This has been a particularly hard and unpleasant winter on the Eastern Seaboard of the United States, and in fact in the US generally, so to make up for some of our collective chilblains and blocked driveways and backs thrown out by snow shoveling, I am offering my readers a bouquet of roses and violets plus a small selection of chocolate spiked perfumes, as a virtual Valentine. Who doesn’t need a little scent and color this February? I think we all deserve a treat just for surviving till March.
Before I get on to all of that, I want to add to my Overlooked series by pointing out a scent that passed the majority of us by: Summersent*. This was produced in 2007 by Marjorie Midgarden Fragrances, the company of Marjorie Kitzrow, and the fragrance is a pure French garden floral.
Say what? Well, there is a convention that has perfumers trying to re-produce the scent of a June garden in bloom. Similar perfumes include L’Artisan’s discontinued L’Haie Fleurie (roughly Hedgerow in Bloom) or Guerlain’s Jasminora, or Delrae’s Amoureuse and Debut. You begin to catch my drift. The idea behind this sort of scent is to reproduce not just a floral smell, but a green tinted rural air, an atmosphere that includes living things: grass and roots, leaves and shoots rather than white flowers alone.
Garden fragrances introduce the smeller to a whole cast of vegetative characters, everyone from the clingy honeysuckle and huffy wisteria, to the abashed violet and gaudy rose. This kind of perfume swirls all these olfactory impressions together into a humid pastel haze. If you would like a visual comparative, I’m guessing that Monet is your man. In fact I think a garden floral was made based on his plantings at Giverny, and Caron’s Fleurs de Rocaille was a floral aldehydic evocation of them. By any measure, Summersent belongs to this floral atmospheric category.
Except that quite frankly Summersent does a better job of this than many recent French fragrances. To start with Summersent is very skin friendly. I don’t find that its garden is too full of overly smelly specimens like say, Manoumalia’s was. Manoumalia was a very taste specific perfume, but Summersent is not. It’s less indolic than either Jasminora or L’Haie, and not soapy like Lady Primrose’s Tryst. If you find the reality of certain Classic French perfumes and their flowery BO less alluring than you thought you might, Summersent is a very good alternative.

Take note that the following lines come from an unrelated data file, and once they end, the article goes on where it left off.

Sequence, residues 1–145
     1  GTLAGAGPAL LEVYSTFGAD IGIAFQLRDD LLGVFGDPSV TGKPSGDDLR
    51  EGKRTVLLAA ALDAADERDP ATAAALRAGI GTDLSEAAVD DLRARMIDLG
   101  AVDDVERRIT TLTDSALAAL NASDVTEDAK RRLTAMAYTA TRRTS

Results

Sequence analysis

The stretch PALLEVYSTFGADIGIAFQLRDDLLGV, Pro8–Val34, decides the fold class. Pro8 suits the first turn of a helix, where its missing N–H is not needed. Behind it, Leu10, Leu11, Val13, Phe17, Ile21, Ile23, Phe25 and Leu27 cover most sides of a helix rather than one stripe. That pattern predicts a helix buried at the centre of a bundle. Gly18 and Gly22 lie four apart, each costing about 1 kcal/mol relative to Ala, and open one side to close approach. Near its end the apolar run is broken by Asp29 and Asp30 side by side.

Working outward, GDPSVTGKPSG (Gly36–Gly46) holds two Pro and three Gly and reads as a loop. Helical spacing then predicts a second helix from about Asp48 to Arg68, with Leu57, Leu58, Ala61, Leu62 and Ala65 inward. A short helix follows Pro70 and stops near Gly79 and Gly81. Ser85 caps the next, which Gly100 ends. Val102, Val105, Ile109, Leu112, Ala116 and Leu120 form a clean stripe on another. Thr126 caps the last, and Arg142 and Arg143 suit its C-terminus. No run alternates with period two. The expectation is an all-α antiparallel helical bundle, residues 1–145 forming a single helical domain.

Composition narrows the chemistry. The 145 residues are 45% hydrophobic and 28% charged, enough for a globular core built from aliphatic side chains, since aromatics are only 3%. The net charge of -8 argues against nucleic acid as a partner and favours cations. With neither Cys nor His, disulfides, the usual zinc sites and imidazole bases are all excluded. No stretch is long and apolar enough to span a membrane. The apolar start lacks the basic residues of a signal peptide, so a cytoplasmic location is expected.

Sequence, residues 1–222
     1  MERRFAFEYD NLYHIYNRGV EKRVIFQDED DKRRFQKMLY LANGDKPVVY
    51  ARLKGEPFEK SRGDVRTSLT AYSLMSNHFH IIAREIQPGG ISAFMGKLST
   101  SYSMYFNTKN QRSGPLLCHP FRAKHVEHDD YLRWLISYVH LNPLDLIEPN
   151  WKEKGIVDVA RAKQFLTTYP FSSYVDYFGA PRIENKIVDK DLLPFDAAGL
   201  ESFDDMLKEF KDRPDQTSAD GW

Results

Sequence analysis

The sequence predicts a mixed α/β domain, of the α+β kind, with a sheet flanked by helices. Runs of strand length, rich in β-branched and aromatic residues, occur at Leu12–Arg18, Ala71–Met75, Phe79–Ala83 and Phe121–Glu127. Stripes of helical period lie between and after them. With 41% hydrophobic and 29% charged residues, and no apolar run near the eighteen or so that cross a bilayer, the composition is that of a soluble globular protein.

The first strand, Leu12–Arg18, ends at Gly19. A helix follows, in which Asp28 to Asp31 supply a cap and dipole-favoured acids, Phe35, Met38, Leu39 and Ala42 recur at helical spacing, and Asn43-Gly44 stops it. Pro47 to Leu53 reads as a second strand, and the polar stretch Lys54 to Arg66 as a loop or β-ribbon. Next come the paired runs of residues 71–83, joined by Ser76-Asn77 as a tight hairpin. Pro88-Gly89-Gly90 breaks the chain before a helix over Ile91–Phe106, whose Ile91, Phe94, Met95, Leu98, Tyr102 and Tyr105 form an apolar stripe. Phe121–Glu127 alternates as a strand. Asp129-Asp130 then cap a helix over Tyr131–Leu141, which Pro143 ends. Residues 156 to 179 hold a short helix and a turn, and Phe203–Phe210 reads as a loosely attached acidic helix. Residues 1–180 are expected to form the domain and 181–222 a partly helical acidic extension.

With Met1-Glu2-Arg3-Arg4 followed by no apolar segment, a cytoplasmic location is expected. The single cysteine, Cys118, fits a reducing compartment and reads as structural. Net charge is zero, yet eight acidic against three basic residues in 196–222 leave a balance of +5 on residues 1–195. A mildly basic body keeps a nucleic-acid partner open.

The perfume is supposed to be mandarin and cassis, afterwards jasmine and orange blossom over musk. The mandarin and cassis notes are noticeable in the beginning of Summersent, then the perfume goes to ground on your skin. That packed like Thumbelina’s bedding into a nutshell, is Summersents’ essence. The end is musk and honey, and the civetty animalic notes captured along its winding route are very gently released into the tame countryside of this perfume. Though the mandarin-cassis introduction does not last, Summersent can be detected on my skin softly, ten or twelve hours after application when it begins to mimic Peut Etre the Lancome LE of some years back.
If it has a fault, that might be a lack of originality. You may have smelled this sort of thing before, but seldom organized into so lissome a landscape. But here is the thing about Summersent: the fragrance is very versatile. This is no small matter when you consider how idiosyncratic and sometimes difficult niche perfumes can be, then again it is pleasantly worked out, and softer than many mainstream releases are. Summersent is much gentler than the current synthetic Lauders.
Summersent can be worn to a picnic and a party, will go to a baseball game, or a barbecue, to the office, to Church, and to bed with you, or merely dawdle on the back porch and read Hans Christian Anderson and seed catalogs. How many perfumes are so comfortable? Not many these days, and that’s why, although it won’t shake the world loose from the usual orbit, Summersent gets my endorsement. This is a scent that goes on very well in comparison to many niche and high end perfumes. You can’t really wear Manoumalia to a Japanese restaurant, Summersent by contrast might just squeak in there.
Although it’s described as the personification of a particular flower, nowhere did I see which one. The perfume smells like jasmine but not a specific kind. This is a fairy tale jasmine, properly holding a parasol over its levitating tendrils.
Summersent is a pathetic fallacy of a fragrance, anthropomorphized at the bottom of a garden, like an addled fairy suddenly shaken out of A Midsummer Night’s Dream, but not Puck, and not Titania either. Summersent is a ladylike fairy, who lives the length of a summer solstice, and reminds you of orange blossom, but not exactly, and lilacs but not precisely, and lilies but for the life of you, you can’t recall which kind.
* The packaging of this perfume is particularly satisfying to the feminine soul, gold filigree winking with pink and green crystals on the perfume and scented cream bottles. This is a complete girlathon, no shortcuts, no apologies. I got my sample from Beautyhabit while ordering something else and think Summersent is-for once-fairly priced: 90 for 60 mls in a pretty bottle and the body cream is romantic too and 80.